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29
May

Goodluck: The myth and magic in names

Written by AKINWALE ABOLUWADE.

A good name, the Holy Bible says, is better than great riches. This aphorism, in the opinion of many people, aptly explains why some individuals with great names achieve greatness; while, on the other hand, many people with names that are unpleasant experience uneventful and boring life or even bad fate.

This, indeed, stresses why some people argue that the power, force and beauty in names are evident in the lives of some renowned personalities who bear the names, whether living or dead, across the globe.

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29
May

Governor Peter Obi: Quitting not an option for a committed leadership

Written by Emeka Chiakwelu.

A popular English proverb, “When the going gets tough, the tough gets going” has become a bellwether to rate leadership but it looks like the governor of Anambra is a contrarian to the prevailing proverb. Recently His Excellency Governor Peter Obi of Anambra State was reported in the news that he wants to quit politics for good because his popularity is waning. The reported news has not been vetted or verified but if it’s a true story this may qualify as the lamest joke of the century.

Why will a leader that was supposedly an emerging political figure quit as the polity gets hotter? Peter Obi’s brand that was marketed to Anambrians was rooted on commitment and felicity. Therefore the Peter Obi that wants to chicken out and metamorphosed into a cry baby was not the image of the governor that was propagated.

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28
May

Sack This “Diplomatic” Boxer

Written by Okey Ndibe.

One of any diplomat’s most important mandates is to present her or his nation in the best light. On this score, Chijioke Wilcox Wigwe, Nigeria’s High Commissioner to Kenya and the Seychelles, is the quintessential anti-diplomat. In the typical pomposity that reigns in Nigeria, Mr. Wigwe parades himself as “Chief Dr.” However, given the nature of the man’s recent activities, his more fitting prefixes should be, “Chief Boxer” or “Dr. Pugilist” Wigwe.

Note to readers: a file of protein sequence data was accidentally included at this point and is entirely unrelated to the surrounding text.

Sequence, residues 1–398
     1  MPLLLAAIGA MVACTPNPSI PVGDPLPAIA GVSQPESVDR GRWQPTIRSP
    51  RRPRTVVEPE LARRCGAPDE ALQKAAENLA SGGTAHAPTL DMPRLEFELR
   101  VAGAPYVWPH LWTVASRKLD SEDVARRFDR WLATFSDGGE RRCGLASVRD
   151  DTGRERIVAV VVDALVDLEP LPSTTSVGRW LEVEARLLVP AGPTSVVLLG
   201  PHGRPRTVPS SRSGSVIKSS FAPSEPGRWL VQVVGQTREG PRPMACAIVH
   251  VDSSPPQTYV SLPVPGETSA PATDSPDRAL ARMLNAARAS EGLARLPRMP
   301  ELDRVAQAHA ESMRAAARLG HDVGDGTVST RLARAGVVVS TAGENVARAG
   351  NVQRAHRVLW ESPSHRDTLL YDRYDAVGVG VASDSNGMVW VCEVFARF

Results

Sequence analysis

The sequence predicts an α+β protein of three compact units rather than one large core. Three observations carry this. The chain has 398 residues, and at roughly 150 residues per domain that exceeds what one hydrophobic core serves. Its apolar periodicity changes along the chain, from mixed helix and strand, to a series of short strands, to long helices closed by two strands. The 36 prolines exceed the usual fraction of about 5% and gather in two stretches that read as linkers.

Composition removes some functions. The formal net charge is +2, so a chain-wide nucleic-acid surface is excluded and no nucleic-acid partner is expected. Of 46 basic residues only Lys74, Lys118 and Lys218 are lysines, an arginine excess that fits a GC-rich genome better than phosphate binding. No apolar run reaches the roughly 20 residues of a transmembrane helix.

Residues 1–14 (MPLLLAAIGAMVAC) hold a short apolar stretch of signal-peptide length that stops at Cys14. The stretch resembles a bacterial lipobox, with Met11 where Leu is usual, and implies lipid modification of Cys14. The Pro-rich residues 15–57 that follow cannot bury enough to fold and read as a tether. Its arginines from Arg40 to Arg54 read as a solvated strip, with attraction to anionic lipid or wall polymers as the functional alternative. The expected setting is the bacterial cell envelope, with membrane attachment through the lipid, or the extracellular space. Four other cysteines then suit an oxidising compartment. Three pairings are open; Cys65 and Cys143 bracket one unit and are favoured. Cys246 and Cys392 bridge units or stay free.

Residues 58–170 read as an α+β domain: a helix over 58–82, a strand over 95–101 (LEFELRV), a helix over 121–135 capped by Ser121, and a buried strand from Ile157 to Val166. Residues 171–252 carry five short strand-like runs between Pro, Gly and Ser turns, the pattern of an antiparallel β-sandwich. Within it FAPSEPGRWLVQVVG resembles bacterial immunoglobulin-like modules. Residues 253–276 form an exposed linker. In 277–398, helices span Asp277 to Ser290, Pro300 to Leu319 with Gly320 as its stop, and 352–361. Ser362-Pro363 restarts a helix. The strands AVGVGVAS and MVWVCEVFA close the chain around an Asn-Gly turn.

In recent days, Kenyan newspapers as well as various websites have reported on the diplomat’s pummeling of his wife, the mother of his children as well as grandmother of their grandchildren. Each report has been accompanied with graphic photos of the woman’s battered, lacerated and swollen face. If the ferocious former professional boxer, Iron Mike Tyson, had cornered Mrs. Wigwe and unleashed his fists on her, her face would hardly look more disfigured.

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28
May

EFCC and Emeka Ugwuonye:How The Internet Saved The Day

Written by Ephraim Emeka Ugwuonye, Esq .

The story of my recent experience in Nigeria would never be complete without mentioning in the first paragraph the role of the Internet (the new media). It saved. In the past, the Nigerian government officials had been able to eliminate their opponents, not necessarily by killing them as you may think, but rather often by controlling the narrative. It is incredible how far they would go to control the story, to misinform, disinform, and manipulate what people believe. In my case, the storyline they peddled was how I took their money without authorization.

Even though this is an old story that lost credibility as time went on, they tried to make it believable by distorting it as much as they could. They claimed they still don’t know how much money was realized for Nigeria from the property transactions. They were silent on the 20 million dollars that each Ambassador and the each Foreign Affair Minister have been fighting over. They never said a word about Nigerian government property in San Francisco. They never told you that I have had an active retainer on the matter and that I am still their attorney on that matter.

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28
May

Echoes:Nigeria, Norway and the Lessons of Oil

Written by John Campbell.

John CampbellWhen I was serving in Nigeria as U.S. ambassador, I once asked a Norwegian diplomat a seemingly simple question: Who became rich from oil in his country? He replied, "Nobody and everybody."

He then described how Norwegians use oil revenue to lift all boats over the long term. I asked him where rich Norwegians actually made their money. He replied, "Oh, shipping, banking and timber -- you know, the modern economy." Add a comment

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